Inspiration is a much undervalued part of sales. Inspiration can be the thing that makes the difference between a salesperson winning or losing a deal. It can be the difference between a company being invited in to tender or not. And it can be the difference between you and your team hitting their targets or not. Yet often inspiration is taken for granted or overlooked – both by salespeople themselves and by their managers. When it’s not there however, it’s noticeable by its absence – in the tonality, body language and sales ﬁgures of the salespeople involved. There’s no better example of the difference inspiration can make than Ian Poulter at this year’s Ryder Cup. A lot of people would say that Ian is a good golfer, but he’s never really gone on to fulﬁll his potential. Yet it’s obvious to everyone watching that Poulter is inspired by the Ryder Cup. The effect that has is that he feels more conﬁdent, more determined and resolves to play to his ultimate best – all of which are great attributes for sales, wouldn’t you say? For the record, Poulter has now won seven of his last nine Ryder Cup matches, and every single one of his singles matches; just think what a difference inspiration could make to you and your sales team.
SALES LESSON NUMBER 3: The ‘little things’ count In golf, like in sales, the little things can count for a lot. In a close game where Europe won 14.5 to the USA’s 13.5, every hole that was ‘saved’, every birdie and every close hole that was won, all counted. You could even go back to individual matches – in particular the Molinaris against Cink and Kucher. Francesco Molinari hadn’t made a putt all day (missing some very ‘makeable’ ones), yet when it mattered on the 18th green, he made the one that counted, securing half a point for Europe when they looked like losing that match for most of the round. That half-point instead of a loss meant that Europe won the trophy, rather than the USA retaining it. You can point at plenty of ‘little things’ that made the difference in the Ryder Cup – just like you can point to plenty of little things that make the difference in sales. Often, it’s the little things that the salesperson does (or doesn’t do) that make the difference. Sometimes it can even be simple things like arriving on time for an appointment, sending information when you promised, preparing useful items for a meeting, or doing some research on the prospect. There are plenty of things that some salespeople dismiss as unimportant. Make sure you don’t make that same mistake.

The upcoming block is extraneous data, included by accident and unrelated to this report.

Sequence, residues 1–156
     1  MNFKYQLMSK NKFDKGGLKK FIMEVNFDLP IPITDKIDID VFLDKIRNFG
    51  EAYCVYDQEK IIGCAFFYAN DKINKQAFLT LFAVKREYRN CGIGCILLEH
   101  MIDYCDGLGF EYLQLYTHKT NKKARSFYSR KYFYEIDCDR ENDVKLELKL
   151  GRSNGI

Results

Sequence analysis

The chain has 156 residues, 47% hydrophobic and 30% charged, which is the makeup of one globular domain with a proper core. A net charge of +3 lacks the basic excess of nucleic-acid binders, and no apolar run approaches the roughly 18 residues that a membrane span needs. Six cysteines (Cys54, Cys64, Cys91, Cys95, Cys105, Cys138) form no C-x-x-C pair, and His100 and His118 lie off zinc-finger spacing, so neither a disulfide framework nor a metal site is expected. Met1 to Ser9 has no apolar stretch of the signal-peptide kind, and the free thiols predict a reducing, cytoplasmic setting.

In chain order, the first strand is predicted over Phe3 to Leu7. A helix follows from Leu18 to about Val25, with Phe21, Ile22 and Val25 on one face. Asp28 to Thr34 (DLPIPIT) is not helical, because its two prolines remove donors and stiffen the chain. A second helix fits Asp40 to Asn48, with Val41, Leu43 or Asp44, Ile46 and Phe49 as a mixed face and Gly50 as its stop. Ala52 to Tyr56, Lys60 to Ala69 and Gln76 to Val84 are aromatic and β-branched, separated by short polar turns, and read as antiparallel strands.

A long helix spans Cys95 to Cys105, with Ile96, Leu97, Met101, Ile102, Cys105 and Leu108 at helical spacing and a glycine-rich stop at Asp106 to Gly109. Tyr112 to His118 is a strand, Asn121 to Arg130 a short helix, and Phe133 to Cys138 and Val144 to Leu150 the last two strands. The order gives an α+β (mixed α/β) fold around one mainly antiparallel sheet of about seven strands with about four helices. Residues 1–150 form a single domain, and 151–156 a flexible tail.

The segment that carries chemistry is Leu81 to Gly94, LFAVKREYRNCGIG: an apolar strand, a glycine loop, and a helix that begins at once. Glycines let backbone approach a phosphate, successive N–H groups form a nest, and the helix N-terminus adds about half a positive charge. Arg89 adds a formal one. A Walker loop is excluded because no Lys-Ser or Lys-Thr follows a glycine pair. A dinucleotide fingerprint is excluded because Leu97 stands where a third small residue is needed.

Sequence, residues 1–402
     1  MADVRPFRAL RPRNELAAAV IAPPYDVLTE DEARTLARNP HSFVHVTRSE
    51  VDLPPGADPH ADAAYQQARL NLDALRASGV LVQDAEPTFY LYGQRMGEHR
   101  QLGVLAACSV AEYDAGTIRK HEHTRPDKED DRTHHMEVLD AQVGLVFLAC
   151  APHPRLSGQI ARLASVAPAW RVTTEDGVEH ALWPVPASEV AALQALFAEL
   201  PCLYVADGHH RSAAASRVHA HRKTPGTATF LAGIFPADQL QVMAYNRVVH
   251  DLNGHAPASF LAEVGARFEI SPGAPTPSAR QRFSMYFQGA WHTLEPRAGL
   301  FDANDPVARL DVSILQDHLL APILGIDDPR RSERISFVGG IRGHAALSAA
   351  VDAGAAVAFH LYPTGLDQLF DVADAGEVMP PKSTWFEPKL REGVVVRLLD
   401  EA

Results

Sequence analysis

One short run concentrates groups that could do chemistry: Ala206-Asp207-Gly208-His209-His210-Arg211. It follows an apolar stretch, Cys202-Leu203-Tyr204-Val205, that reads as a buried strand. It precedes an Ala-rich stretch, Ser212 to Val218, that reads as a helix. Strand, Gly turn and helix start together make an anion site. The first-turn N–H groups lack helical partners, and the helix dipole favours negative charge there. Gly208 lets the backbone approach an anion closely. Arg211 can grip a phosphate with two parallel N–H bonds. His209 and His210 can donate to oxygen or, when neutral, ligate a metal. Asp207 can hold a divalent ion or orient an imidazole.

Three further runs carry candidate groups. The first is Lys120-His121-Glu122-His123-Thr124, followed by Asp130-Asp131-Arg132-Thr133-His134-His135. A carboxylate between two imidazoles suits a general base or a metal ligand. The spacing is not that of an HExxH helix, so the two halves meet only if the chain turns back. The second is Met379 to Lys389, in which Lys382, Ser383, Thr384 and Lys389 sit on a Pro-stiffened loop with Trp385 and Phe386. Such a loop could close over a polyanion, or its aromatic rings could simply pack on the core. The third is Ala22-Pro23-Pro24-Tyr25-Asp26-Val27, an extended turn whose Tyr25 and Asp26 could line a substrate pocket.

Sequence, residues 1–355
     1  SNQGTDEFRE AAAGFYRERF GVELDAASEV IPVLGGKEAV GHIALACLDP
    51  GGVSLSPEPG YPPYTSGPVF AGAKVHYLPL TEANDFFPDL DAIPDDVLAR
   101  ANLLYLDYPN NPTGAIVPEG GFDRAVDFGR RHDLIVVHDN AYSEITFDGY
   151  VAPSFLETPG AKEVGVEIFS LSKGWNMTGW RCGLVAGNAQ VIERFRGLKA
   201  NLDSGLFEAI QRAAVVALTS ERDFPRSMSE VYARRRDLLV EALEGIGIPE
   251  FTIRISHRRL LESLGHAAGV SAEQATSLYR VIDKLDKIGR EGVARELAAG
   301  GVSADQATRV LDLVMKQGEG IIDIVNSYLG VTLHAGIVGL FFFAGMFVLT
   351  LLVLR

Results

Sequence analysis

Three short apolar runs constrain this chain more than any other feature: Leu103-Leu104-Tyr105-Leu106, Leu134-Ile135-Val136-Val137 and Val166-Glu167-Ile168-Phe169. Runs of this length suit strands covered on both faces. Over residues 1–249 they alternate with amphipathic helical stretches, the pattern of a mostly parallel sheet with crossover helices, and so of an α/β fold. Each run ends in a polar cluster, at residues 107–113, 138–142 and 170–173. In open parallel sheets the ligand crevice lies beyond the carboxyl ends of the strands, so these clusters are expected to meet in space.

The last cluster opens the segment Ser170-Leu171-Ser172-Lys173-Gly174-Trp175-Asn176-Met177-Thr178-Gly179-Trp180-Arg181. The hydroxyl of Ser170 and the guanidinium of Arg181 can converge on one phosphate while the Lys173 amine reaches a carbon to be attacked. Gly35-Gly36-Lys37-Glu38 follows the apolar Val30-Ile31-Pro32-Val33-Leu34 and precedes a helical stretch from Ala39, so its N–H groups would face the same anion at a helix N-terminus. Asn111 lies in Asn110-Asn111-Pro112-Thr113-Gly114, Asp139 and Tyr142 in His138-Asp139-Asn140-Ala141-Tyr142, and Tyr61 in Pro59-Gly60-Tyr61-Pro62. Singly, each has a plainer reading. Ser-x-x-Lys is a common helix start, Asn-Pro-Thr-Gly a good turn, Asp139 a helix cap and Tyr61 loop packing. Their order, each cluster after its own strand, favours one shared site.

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SALES LESSON NUMBER 5: Deal with the pressure Pressure is part of sales, just like it’s part of golf – or any professional sport for that matter. The individual’s reaction to pressure, however, is often what makes the difference. So how do you and your team react when the pressure is on? When you’re invited in to present to a board of directors up against ﬁve other companies, how do you feel? When you’re going in for your second meeting with the prospect and you know they’re going to base their decision on your meeting, will this meeting really be the best it can be? If this is going to be the biggest deal your company has ever won, does that make you more nervous, or anxious to make sure you win it (rather than lose it)? When Europe’s Graeme McDowell faced up to a 15-foot putt on the 16th green, he’d just lost the 15th hole and knew that the team, the fans and most of Europe was counting on him to win – for if he lost or drew, the USA would retain the Ryder Cup after a magniﬁcent ﬁghtback. No small amount of pressure there then! Yet McDowell was calm enough to hole that 15-foot putt under tremendous pressure, and when the USA’s Hunter Mahan ﬂuffed a short chip on the 17th, he conceded and Europe won. Would you and your team be able to handle pressure like that and still come out smiling?